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So a doctor walks into a bar…

Did you hear the one about the doctor who made health funny?

Dr Zubin Damania, former Stanford hospitalist and award-winning medical educator, has taken it upon himself to do just that. A comedian, singer and songwriter, he is preaching a gospel of a more humane form of medicine for doctors and patients alike. And with his comedy songs getting more than a million views on YouTube, it is message that people are ready to listen to.

Through his alter ego, ZDoggMD, his Internet videos such as ‘I’m checking out my nads in the mirror,’ which promotes the early detection of testicular cancer while also parodying the Michael Jackson classic, have proved extremely popular and helpful.

His take on Garth Brooks gave rise to I’ve got friends with low platelets, a song which he says has helped people with thrombocytopaenia feel less alone. However, this is to name only two.

Lady Gaga, Usher and the Kinks — no-one is safe from the ZDoggMD treatment.

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“At the moment we are doing an anthem to how much we love and respect and need nurses, to the Macy Gray song, I try. The nurses go on strike and the physician tries to be a nurse and fails miserably,” he tells the Medical Independent (MI).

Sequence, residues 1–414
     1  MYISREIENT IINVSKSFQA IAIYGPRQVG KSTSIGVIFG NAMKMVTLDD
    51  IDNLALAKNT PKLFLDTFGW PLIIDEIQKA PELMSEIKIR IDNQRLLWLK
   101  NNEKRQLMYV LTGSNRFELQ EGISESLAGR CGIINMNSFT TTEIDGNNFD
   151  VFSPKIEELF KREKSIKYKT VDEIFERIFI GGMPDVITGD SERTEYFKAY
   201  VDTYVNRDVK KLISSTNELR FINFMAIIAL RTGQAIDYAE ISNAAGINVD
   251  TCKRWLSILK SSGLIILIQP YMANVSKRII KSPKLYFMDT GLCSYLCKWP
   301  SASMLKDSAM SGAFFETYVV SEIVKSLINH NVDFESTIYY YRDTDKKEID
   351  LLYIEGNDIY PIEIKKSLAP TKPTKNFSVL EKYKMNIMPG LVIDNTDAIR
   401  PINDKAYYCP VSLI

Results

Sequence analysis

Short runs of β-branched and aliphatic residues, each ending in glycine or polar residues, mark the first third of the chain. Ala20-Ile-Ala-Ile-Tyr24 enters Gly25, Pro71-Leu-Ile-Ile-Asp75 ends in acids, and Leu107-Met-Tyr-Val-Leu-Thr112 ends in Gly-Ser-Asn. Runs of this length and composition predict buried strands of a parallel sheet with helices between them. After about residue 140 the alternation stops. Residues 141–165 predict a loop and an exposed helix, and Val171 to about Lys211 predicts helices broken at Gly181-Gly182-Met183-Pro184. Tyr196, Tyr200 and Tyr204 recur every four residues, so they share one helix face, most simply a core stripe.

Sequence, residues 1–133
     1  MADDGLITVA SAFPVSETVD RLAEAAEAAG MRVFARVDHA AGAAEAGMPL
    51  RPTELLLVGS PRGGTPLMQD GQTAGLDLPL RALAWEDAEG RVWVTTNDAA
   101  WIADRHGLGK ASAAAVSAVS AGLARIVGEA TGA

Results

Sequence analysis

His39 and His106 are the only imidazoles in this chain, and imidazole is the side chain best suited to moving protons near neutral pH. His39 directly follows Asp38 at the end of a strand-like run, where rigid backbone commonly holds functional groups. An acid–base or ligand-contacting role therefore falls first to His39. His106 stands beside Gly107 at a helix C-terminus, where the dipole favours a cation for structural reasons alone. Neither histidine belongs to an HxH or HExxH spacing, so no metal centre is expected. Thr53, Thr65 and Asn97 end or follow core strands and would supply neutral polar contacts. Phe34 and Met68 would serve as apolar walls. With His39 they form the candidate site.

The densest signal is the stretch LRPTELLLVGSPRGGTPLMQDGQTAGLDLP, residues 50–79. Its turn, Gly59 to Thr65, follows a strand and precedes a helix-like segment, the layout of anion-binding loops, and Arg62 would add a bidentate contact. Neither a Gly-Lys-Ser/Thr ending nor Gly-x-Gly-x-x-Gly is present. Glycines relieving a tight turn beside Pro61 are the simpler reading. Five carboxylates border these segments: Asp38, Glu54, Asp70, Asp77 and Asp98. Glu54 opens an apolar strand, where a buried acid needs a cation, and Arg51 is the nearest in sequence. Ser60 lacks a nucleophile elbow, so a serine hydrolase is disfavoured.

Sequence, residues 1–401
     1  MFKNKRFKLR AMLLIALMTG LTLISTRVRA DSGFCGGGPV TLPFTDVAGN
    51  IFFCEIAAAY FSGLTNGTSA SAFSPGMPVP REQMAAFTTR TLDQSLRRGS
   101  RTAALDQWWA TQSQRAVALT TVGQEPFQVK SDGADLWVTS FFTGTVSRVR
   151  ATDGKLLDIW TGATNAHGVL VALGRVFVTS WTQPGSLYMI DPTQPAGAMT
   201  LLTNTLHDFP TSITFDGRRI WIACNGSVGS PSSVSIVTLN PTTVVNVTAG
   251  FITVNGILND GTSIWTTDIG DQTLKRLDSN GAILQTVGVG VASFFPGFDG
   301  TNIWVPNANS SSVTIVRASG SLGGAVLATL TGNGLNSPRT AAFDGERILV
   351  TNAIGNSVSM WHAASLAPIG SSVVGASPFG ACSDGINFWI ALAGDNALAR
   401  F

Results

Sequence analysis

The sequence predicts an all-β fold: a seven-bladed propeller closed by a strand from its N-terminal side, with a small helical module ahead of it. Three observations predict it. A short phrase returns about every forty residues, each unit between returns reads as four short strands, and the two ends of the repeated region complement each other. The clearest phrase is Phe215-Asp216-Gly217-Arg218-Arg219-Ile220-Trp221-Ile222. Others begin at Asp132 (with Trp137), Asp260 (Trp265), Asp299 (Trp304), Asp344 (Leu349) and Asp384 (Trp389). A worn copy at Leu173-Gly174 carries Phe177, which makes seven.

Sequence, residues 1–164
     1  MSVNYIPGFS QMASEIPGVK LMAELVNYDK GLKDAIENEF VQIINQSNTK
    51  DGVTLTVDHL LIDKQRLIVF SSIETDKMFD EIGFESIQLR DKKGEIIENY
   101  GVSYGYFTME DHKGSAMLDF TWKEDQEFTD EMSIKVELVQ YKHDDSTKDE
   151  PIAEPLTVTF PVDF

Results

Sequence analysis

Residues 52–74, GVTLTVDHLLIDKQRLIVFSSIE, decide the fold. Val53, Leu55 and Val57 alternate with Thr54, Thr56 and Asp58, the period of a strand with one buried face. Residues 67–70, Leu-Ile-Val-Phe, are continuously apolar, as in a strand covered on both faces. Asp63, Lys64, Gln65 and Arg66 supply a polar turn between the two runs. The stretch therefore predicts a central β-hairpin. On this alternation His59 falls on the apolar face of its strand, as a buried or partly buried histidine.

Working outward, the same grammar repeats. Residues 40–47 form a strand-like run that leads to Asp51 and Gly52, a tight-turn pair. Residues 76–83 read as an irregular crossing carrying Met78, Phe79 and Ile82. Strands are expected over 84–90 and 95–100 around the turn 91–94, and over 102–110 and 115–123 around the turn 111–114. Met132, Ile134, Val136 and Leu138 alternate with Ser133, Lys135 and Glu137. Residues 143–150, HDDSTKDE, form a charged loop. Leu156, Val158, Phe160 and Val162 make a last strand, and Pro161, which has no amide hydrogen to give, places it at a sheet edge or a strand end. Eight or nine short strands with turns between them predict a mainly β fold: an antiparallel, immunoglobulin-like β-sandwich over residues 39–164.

“I think medicine and comedy go very well together,” he explains, “but what’s very interesting is that the culture of how we train physicians, our hierarchy and this 20th Century cottage industry construct around medicine is very disapproving of humour.”

Issues of professionalism and who is the butt of your joke have to be handled sensitively, he adds, but if you get the formula right “it can be very therapeutic, not only for patients, but for physicians as well”.

It has also allowed him to reconnect with his love of medicine, something which the stresses and demands of a doctor’s life had eroded.

He told the audience at the recent dotMED 2014 conference that when his daughter told him she wanted to be a doctor, his first instinct “was to ground her”.

Modern doctors

While the audience at the Smock Alley Theatre laughed at the joke, they knew it reflected a bitter truth about life as a 21st Century doctor. Doing more with less, being pulled simultaneously in several different directions and working in dysfunctional systems have all made a career as a physician increasingly unappealing. As Dr Damania puts it, we are living through the “dehumanisation, demoralisation and commoditisation of physicians”.

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“That’s why nobody wants to do primary care. They all want to specialise and have a lifestyle where they can do what they really love,” he explains, “and that’s crazy.”

For Dr Damania, this process began in medical school, a place he described as “both magical and terrifying”. It was here he was told to learn the rules first and then break them. However, as his career progressed, he forgot the second part of that advice.

“Comedy was always a part of who I was and it got a little beaten out of me in residency and training and I needed to reconnect with who I was to get it back,” he explains.